The ever increasing consumption of nano-enabled products and use of nanotechnologies raise a critical question: are we aware of the potential consequences of these products and technologies on human health and environment? The NANoREG Project, in which ISQ participated, helped to answer this question.
When, in 2011, ISQ first met Tom*, it was almost impossible to figure out the unique opportunity for Portugal participation in a European “pioneer” project in nanosafety– NANoREG. At that time, in Portugal, the nanosafety issues were not yet a particular concern, and attentions were mainly focused on the high potential and expectations brought by nanotechnologies developments. However, ISQ, always mindful of safety issues, considered NANoREG a strategic project for the future of nanomaterials and their acceptance by society and, therefore decided to integrate the project.
The project dimension, both in terms of its ambitious objectives, the number and quality of the participating partners, as well as its strategic importance, offered many opportunities that, if adequately exploited, could increase project impact at national level. This reasoning took ISQ to invite three national entities (the National Health Institute Doutor Ricardo Jorge – INSA, the Portuguese General Directorate of Health – DGS, and The Portuguese Institute for Quality – IPQ) to integrate the NANoREG project and this jointly collaboration was called PToNANO, coordinated by ISQ. This approach allowed a more active and broad national participation with a higher impact in national economy and society. The PToNANO cooperation by itself was innovative, allowing to share resources, risks and knowledge towards the same goal, the nanomaterials safety.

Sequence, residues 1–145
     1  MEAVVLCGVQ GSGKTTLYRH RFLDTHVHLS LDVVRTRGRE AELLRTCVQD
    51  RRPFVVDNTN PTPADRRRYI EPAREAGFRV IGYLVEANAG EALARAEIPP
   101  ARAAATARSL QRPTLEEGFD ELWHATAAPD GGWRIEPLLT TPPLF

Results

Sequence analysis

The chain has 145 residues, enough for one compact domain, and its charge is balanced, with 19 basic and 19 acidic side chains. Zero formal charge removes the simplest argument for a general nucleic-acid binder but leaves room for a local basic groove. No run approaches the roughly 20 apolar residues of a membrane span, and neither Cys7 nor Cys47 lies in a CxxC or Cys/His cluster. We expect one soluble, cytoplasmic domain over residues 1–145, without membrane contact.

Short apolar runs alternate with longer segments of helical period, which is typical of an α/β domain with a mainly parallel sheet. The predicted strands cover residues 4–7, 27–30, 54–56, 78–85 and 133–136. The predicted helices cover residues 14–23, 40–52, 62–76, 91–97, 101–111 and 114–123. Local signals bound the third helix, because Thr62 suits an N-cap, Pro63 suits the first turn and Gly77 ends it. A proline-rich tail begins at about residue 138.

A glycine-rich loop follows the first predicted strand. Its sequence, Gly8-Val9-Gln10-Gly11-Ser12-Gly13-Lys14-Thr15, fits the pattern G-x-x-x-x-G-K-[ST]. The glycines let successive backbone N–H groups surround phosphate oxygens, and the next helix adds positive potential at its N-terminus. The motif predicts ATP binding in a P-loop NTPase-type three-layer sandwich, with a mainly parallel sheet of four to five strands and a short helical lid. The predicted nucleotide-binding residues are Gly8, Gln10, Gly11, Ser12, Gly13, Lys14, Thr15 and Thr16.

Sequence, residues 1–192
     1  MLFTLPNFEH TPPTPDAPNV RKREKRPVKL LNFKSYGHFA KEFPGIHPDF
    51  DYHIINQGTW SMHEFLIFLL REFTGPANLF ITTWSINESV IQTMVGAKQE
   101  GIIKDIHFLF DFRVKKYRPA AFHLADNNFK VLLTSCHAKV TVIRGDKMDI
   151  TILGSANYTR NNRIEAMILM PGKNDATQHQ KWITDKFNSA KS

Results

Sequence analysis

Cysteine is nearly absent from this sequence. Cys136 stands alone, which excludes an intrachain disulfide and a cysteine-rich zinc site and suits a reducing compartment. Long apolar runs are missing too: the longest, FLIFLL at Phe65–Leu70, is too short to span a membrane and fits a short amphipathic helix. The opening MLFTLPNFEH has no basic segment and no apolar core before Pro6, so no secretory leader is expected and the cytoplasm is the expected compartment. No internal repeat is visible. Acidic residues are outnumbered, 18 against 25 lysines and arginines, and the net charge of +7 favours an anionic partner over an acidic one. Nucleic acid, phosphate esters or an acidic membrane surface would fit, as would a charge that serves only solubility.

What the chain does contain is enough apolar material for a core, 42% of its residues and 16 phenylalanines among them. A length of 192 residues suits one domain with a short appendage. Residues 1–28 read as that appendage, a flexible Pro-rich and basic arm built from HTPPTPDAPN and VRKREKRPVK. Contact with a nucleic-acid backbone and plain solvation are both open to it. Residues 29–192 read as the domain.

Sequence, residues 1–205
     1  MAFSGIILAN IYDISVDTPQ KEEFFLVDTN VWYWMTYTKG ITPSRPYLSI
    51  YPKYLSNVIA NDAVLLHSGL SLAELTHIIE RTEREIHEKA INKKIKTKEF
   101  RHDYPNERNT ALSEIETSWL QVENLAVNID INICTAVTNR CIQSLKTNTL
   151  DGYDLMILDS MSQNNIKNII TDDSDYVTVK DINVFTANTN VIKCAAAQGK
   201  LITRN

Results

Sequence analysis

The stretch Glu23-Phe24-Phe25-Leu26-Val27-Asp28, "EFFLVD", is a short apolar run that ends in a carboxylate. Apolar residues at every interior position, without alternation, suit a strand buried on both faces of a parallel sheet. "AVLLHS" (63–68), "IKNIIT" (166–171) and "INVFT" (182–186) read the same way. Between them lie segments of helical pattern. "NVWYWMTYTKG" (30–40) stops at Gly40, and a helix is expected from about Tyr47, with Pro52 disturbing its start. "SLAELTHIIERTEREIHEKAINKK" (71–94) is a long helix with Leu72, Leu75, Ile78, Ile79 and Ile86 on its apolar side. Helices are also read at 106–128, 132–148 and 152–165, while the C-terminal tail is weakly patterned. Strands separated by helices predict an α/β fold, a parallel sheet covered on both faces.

Another innovative aspect of NANoREG was its funding model. NANoREG budget overcame 50 million euros, of which 10 million came from UE FP7 funding, and the remaining were provided by private and public financing from the participating EU Member States and countries. In Portugal, almost all financial effort came directly from the 4 participating entities. The European funding requested for Portugal mainly covered travel expenses for project meetings and dissemination, and other communication and dissemination activities.
Within the project, PToNANO carried out a set of actions aiming at identifying the main national actors (i.e., industry, academy, regulator, among others) working in nanotechnology and the main gaps and needs regarding the environmental, health and safety (EHS) aspects related to production, use and end-of-life of nanomaterial, thus leveraging close collaborations with and between interested parties.
Taking advantage of the synergies created along project development, a group of entities promoted the formation of the national Technical Standardization Committee on Nanotechnology (CT 194), which follows and participates on the ISO/TC 229 and CEN/TC 352. The CT194 has been developing an intensive work of evaluating and commenting standards and other normative documents that are being developed within the two above mentioned Committees, and on the translation of published normative documents, considered fundamental for common understanding of nanotechnologies and to facilitate their safer and responsible use.